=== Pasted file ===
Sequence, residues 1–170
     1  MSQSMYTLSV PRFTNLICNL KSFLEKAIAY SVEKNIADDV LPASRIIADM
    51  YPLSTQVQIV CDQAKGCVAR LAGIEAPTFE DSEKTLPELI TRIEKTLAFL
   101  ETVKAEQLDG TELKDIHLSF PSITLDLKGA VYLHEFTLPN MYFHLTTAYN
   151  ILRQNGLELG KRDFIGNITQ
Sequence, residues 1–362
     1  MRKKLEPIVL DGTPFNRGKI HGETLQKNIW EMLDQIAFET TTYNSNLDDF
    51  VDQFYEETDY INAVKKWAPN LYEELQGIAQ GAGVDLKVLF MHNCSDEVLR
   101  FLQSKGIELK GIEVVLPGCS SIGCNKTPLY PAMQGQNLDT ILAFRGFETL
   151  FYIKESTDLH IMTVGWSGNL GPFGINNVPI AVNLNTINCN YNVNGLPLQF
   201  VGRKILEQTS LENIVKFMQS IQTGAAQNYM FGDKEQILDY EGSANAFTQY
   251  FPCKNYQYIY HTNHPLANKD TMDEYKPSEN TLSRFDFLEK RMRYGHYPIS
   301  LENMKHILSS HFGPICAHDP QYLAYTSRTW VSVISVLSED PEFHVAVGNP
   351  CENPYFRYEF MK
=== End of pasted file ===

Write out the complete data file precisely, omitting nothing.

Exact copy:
Sequence, residues 1–170
     1  MSQSMYTLSV PRFTNLICNL KSFLEKAIAY SVEKNIADDV LPASRIIADM
    51  YPLSTQVQIV CDQAKGCVAR LAGIEAPTFE DSEKTLPELI TRIEKTLAFL
   101  ETVKAEQLDG TELKDIHLSF PSITLDLKGA VYLHEFTLPN MYFHLTTAYN
   151  ILRQNGLELG KRDFIGNITQ
Sequence, residues 1–362
     1  MRKKLEPIVL DGTPFNRGKI HGETLQKNIW EMLDQIAFET TTYNSNLDDF
    51  VDQFYEETDY INAVKKWAPN LYEELQGIAQ GAGVDLKVLF MHNCSDEVLR
   101  FLQSKGIELK GIEVVLPGCS SIGCNKTPLY PAMQGQNLDT ILAFRGFETL
   151  FYIKESTDLH IMTVGWSGNL GPFGINNVPI AVNLNTINCN YNVNGLPLQF
   201  VGRKILEQTS LENIVKFMQS IQTGAAQNYM FGDKEQILDY EGSANAFTQY
   251  FPCKNYQYIY HTNHPLANKD TMDEYKPSEN TLSRFDFLEK RMRYGHYPIS
   301  LENMKHILSS HFGPICAHDP QYLAYTSRTW VSVISVLSED PEFHVAVGNP
   351  CENPYFRYEF MK